Ma Kelly is getting on. She has been cooking and working in her deluxe grease bomb service from five in the morning until four in the afternoon long before I started lacing up my steel toed boots and swinging a lunch bucket and a thermos from the end of my lumberman's arm.
"What you want today Beer?" is what she has been saying to me ever since she heard a fellow worker say my name one morning. "What kind of name that? Beer. What you want today Beer?"
Ma Kelly's name is not really Ma Kelly. That was the name of the run down restaurant she bought shortly after fleeing with her young husband from the war going on then in Vietnam. She does not talk about the war. But she will talk about her new country Canada all day if you have a ready ear. On Canada Day she decks out her place in our unusual flag and plays Stompin' Tom Connors on the 8-track. It is the only day of the year she uses the 8-track. The rest of the time she listens to CBC radio. "When I first came to Canada Stompin' Tom had a show on tv. He taught me Canada is more special than I first imagine." Ma and Pa Kelly close up their cafe for three weeks each summer and visit different places in the country their children now flourish in. They have seen more of this country than I.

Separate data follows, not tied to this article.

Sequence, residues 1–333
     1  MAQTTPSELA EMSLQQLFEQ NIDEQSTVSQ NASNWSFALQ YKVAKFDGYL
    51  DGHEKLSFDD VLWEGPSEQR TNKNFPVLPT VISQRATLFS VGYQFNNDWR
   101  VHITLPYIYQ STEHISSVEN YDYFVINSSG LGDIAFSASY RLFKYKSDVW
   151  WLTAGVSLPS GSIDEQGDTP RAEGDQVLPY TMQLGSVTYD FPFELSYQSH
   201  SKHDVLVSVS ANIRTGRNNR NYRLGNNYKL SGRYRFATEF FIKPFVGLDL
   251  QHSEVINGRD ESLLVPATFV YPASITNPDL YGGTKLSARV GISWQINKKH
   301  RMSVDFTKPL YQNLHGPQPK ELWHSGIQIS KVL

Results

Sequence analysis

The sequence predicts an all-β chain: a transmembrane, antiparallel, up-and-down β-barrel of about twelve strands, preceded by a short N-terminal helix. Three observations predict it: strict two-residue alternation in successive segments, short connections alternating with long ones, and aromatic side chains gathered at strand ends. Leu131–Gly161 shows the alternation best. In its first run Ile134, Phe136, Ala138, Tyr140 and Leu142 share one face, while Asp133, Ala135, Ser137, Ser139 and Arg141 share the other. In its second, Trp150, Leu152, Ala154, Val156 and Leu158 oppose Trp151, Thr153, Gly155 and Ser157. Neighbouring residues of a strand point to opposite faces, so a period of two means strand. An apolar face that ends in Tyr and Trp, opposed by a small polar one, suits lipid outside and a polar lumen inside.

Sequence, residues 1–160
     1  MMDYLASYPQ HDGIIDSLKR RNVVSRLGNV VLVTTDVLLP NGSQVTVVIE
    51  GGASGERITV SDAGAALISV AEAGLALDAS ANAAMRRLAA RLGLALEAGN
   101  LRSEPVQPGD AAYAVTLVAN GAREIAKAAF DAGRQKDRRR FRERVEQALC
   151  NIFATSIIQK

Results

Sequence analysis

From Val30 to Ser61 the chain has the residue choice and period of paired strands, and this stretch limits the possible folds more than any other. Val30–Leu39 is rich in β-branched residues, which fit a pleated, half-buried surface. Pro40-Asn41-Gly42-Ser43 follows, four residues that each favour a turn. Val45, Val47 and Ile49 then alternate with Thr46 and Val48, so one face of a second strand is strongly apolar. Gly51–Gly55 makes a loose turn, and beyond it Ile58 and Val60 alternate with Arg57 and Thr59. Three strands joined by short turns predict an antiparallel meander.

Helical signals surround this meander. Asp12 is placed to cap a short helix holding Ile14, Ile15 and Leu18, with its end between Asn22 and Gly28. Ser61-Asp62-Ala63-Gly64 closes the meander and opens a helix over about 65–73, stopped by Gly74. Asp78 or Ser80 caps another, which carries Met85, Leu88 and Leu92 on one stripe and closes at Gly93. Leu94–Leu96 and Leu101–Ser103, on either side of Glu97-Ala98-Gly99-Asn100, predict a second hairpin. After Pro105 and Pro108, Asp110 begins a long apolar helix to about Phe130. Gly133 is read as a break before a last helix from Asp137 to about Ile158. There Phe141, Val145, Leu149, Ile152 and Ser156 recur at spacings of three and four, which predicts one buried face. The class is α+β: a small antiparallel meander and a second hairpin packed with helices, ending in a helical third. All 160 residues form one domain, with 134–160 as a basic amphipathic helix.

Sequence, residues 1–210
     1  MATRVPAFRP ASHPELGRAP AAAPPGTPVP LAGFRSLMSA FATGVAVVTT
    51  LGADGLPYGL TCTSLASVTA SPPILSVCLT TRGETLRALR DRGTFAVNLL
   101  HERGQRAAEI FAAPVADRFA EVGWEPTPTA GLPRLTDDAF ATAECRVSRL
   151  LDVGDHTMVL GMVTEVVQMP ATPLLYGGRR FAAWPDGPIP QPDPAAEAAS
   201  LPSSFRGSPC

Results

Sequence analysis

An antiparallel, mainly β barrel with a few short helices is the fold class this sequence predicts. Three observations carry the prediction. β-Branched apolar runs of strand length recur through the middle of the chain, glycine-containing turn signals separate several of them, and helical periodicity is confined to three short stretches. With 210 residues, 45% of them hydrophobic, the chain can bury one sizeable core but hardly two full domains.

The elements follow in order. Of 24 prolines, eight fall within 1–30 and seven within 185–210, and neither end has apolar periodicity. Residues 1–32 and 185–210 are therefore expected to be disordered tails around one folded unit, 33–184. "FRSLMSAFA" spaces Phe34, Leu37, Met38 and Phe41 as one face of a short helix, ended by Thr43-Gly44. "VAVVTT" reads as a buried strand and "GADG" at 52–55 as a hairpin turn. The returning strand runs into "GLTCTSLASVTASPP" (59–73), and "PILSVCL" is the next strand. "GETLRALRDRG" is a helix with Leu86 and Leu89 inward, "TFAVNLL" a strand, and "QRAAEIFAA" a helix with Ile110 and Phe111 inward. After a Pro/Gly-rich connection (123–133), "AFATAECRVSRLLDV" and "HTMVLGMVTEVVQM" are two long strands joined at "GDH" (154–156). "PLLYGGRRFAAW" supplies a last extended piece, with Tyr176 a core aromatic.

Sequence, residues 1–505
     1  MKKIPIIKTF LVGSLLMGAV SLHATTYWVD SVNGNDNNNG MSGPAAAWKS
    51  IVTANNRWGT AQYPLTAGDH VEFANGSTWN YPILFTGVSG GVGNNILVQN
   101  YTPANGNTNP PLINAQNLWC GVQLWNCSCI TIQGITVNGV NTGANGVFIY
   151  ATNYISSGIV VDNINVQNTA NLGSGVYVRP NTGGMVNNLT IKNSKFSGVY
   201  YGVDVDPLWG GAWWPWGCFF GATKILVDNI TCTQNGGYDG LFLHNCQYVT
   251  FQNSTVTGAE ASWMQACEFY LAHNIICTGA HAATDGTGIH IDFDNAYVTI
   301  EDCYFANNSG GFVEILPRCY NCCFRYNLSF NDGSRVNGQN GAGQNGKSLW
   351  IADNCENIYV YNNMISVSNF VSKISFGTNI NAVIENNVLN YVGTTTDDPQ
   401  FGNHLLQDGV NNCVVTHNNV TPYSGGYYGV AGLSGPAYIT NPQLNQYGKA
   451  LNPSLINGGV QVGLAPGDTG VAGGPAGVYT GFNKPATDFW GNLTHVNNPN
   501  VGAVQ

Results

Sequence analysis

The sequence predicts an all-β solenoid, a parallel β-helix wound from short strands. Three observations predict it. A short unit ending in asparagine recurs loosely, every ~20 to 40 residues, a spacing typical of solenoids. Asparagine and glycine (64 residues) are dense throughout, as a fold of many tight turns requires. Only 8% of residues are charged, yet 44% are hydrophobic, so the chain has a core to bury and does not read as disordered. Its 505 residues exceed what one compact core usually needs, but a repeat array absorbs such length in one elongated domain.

The only customers Ma loses are the boys who retire from the mill, go crazy from the stressful atmosphere of the mill, or, as often happens, have a heart attack and keel over. "Canada a free country Beer. Nobody have to eat my food if they don't like. You want gravy?" Ma asks if you want gravy like a street walker asks if you could use a little company. "I think your friend Rollie will be next. I can hear his big Canadian heart ticking like bomb when he comes through the door. He barely fit in door now. Maybe I should get bigger door or start losing customer?" She laughs her evil laugh in a good hearted way, the way a bartender does when a customer falls off a stool.
On Saturdays some of Ma's old customers bring their children and grand-children in for breakfast or lunch. Ma makes a good living from her business but it is the Saturday customers with their hungry, growing children that make the six early mornings a week and occasional ungrateful customer worthwhile enduring decade after decade. "You should make children Beer. You can name them Porter and Stubby."
On Saturdays I bring the Hammer round Ma Kelly's and tie her to a pole outside with her water. Ma brings her out burned sausages and talks to her in Vietnamese. The Hammer licks ma's face with a greasy wet tongue when she is finished her treat. "That good Canadian dog Beer. One day we go to Newfoundland and bring one back to keep the crackheads out of our yard. You want some gravy?"